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Georgian Notes, Doubts and Tips TAC 2013

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Expugnator
Hexaglot
Senior Member
Brazil
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3335 posts - 4349 votes 
Speaks: Portuguese*, Norwegian, French, English, Italian, Papiamento
Studies: Mandarin, Georgian, Russian

 
 Message 169 of 758
18 April 2012 at 10:16pm | IP Logged 
I'm slow with book2 and SF200, but two days ago I managed to have a text msg conversation with a native and learned quite a bit.

book2

ბიბლიოთეკაში მინდა მისვლა, წიგნი რომ ვითხოვო.
I want to go to the library to borrow a book.

Which tense is მისვლა?

წიგნის მაღაზიაში მინდა წასვლა, წიგნი რომ ვიყიდო.
I want to go to the bookstore to buy a book.

ოკულისტთან უნდა წავიდე.
I want to go to the optician.

What is the difference between მისვლა, წასვლა and წავიდე?

One more question, the verbal noun doesn't conjugate in person, right? So when the Georgians use the verbal noun, they avoid having to conjugate which they'd need to do in the case of the optative, is that right?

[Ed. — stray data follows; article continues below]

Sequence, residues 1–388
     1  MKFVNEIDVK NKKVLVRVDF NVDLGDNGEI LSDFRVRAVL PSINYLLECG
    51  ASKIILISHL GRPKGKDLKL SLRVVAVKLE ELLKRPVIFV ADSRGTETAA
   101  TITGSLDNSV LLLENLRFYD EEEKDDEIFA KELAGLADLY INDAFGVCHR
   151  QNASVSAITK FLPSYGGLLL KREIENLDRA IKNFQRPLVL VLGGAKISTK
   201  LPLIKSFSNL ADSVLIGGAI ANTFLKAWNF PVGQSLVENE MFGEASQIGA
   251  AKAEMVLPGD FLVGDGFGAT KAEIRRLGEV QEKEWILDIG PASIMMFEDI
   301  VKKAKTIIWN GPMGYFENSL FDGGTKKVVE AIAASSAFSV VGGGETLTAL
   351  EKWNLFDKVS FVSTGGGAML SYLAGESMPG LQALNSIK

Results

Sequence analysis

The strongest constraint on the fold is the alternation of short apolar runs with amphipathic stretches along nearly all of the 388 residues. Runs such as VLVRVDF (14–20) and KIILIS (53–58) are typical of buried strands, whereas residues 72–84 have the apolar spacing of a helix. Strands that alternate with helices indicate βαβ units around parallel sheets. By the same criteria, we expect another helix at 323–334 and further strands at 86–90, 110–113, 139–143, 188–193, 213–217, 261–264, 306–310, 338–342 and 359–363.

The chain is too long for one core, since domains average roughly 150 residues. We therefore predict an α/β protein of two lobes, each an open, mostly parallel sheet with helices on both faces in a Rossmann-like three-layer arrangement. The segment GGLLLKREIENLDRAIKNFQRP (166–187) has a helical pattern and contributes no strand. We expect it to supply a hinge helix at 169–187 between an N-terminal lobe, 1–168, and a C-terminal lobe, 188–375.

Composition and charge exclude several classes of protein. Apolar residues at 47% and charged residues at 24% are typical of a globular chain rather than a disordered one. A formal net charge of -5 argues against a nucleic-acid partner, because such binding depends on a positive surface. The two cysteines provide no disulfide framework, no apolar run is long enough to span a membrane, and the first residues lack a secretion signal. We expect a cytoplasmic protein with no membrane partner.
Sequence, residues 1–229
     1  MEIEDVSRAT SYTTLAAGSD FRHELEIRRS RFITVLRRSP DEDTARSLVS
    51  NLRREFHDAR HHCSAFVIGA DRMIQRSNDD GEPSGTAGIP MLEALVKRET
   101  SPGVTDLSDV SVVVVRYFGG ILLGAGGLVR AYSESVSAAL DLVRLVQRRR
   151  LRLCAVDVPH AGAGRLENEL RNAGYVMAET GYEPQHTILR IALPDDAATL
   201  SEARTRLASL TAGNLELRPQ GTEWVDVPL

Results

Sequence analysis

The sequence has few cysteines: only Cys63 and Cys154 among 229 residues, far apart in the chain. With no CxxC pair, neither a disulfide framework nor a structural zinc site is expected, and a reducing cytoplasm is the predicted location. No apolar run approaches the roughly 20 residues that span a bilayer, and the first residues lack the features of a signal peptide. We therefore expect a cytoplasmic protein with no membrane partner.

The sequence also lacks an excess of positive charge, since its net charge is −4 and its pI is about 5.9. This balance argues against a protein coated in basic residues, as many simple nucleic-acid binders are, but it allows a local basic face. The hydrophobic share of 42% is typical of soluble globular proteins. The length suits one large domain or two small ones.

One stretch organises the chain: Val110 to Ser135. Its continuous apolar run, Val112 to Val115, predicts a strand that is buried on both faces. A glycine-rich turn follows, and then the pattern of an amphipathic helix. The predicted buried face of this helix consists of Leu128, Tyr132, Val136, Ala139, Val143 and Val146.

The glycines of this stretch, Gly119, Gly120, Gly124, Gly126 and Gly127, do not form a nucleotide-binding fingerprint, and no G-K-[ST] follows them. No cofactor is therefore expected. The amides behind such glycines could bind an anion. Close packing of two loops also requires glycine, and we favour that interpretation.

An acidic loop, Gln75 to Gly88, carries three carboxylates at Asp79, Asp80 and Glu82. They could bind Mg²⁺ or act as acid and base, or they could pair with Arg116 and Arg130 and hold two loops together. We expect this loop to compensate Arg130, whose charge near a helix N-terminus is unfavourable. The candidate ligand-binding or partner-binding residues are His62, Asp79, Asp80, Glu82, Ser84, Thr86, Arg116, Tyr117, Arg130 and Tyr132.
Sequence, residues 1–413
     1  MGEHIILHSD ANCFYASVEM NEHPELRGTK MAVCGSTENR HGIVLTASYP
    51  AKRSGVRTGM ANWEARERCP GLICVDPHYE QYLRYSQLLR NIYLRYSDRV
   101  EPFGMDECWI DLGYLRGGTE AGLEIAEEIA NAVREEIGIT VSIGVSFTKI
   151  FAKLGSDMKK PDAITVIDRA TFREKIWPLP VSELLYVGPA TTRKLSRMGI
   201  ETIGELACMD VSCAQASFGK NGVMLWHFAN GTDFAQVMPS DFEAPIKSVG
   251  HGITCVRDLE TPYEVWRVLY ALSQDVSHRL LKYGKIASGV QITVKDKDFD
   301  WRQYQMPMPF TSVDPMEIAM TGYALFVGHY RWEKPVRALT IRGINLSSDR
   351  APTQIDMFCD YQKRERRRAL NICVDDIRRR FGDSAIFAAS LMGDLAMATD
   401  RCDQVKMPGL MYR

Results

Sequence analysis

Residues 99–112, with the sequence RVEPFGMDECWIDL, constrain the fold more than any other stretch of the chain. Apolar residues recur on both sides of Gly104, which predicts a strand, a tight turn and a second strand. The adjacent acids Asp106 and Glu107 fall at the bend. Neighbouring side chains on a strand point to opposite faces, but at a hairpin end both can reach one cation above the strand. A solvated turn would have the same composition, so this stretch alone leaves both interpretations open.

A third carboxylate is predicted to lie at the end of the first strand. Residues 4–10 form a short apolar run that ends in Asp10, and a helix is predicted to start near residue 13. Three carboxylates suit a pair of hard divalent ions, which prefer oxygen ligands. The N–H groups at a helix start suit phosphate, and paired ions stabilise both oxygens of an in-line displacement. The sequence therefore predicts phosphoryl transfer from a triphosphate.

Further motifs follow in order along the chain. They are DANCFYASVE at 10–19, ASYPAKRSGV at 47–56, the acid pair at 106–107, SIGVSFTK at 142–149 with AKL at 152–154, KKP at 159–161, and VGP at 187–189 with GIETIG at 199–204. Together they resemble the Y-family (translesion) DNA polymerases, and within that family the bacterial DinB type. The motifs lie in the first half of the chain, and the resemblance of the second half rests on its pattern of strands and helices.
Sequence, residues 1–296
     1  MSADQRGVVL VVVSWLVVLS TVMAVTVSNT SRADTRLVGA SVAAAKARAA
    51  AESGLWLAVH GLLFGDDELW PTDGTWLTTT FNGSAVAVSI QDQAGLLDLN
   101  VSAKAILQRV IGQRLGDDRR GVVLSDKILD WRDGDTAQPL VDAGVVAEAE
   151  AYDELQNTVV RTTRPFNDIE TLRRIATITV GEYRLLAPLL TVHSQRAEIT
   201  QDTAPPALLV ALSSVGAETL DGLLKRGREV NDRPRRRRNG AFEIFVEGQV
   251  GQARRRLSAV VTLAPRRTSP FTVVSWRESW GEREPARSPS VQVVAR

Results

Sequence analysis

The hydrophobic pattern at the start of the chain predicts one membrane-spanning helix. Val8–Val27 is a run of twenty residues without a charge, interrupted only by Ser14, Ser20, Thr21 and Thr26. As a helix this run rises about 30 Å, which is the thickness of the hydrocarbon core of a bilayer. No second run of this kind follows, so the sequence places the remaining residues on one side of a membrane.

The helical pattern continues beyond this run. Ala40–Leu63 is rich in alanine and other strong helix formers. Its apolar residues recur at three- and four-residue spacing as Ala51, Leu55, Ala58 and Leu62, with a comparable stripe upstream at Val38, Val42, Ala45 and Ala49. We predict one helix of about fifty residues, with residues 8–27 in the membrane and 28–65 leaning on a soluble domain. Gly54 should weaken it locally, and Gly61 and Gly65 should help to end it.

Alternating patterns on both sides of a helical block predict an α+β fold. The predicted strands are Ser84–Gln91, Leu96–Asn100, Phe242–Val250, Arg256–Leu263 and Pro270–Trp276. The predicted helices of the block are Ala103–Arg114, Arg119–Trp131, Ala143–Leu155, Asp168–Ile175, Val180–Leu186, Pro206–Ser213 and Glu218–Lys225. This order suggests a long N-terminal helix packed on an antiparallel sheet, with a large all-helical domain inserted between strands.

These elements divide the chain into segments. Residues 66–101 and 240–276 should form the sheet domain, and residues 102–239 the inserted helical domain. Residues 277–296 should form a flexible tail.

SF200 Lesson 14

SF200's current lesson starts with a dialogue! Very good. Other lessons could have had them as well. This course has proven quite effective for learning the actual language.
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Expugnator
Hexaglot
Senior Member
Brazil
Joined 3798 days ago

3335 posts - 4349 votes 
Speaks: Portuguese*, Norwegian, French, English, Italian, Papiamento
Studies: Mandarin, Georgian, Russian

 
 Message 170 of 758
18 April 2012 at 11:35pm | IP Logged 
I've decided to quickly review Beginner's Georgian, mainly dialogues and verbs. Today I read Lesson 01 again. I'll be taking notes only if I come across an enduring doubt.
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TixhiiDon
Tetraglot
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Japan
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772 posts - 1473 votes 
Speaks: English*, Japanese, German, Russian
Studies: Georgian

 
 Message 171 of 758
18 April 2012 at 11:56pm | IP Logged 
To answer a couple of your recent questions:

ეთამაშება is a Class II verb formed from the Class III verb თამაშობს. While the
latter only means "to play", the former means "to play with someone", the "someone"